Five years have passed. A small amount of continental-drift has occurred. The first ever Frisbee floats across a patch of grass in the United States of America, as Sputnik prepares for liftoff. That is literally all that has happened. Everything else is imagined.
That is, except for Sir Kenneth Badger, the British ambassador in Belgium.
The place? Bruges. The location within the place? A hotel foyer. A good one. Not one with towels you could carve.
Today Sir Kenneth, his rampart chin thrust out accordingly, stands by my side, his smile broad and unflinching as the cameras flash. Caught, for posterity, in this thirty second charade of a handshake, I stare at the cameras, my smile a rictus of humiliation. Always with the pictures. Is there no end to it?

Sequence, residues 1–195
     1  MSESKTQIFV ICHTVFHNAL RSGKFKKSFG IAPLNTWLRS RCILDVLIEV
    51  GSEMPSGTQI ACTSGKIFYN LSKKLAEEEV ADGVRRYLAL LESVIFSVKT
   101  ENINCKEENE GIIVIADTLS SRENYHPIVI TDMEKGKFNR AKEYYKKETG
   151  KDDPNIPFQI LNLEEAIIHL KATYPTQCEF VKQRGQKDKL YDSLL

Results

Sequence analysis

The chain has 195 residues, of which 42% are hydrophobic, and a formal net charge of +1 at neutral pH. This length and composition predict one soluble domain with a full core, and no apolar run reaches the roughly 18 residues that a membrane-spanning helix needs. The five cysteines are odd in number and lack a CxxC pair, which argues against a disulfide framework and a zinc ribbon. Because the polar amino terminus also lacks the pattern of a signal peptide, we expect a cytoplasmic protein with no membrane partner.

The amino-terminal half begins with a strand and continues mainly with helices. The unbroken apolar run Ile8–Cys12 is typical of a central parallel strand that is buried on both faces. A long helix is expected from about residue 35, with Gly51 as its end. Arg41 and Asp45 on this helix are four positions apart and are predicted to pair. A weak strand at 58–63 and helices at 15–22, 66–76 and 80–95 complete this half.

You see, it all changed five years ago when I inadvertently gave the interview of the century. Sorry, I mean, THE INTERVIEW OF THE CENTURY.
“Turn to the left a bit, Sir Kenneth,” says one of the photographers, his Belgian, or possible Flemish words translating in the air for the sake of continuity. Sir Kenneth does so. His hand in mine feels clammy, like the insides of a mango.
Within my capacious mind I continue the self-flagellation that has bestridden me for the last half-a-decade. If I hadn’t given the interv…hang on…THE INTERVIEW OF THE CENTURY, then perhaps I’d be able to be like a normal person, and live quietly, being positive to my swarms of locusts and painting my pictures of young swans.
But no, I haven’t painted a decent cygnet in ages, and, quite frankly, the locusts are acting all depressed. If that doesn’t say ‘sort it out’ I don’t know what does.
Fade to a kind of putty colour.
PS, Don’t make me get surreal on your collective behinds.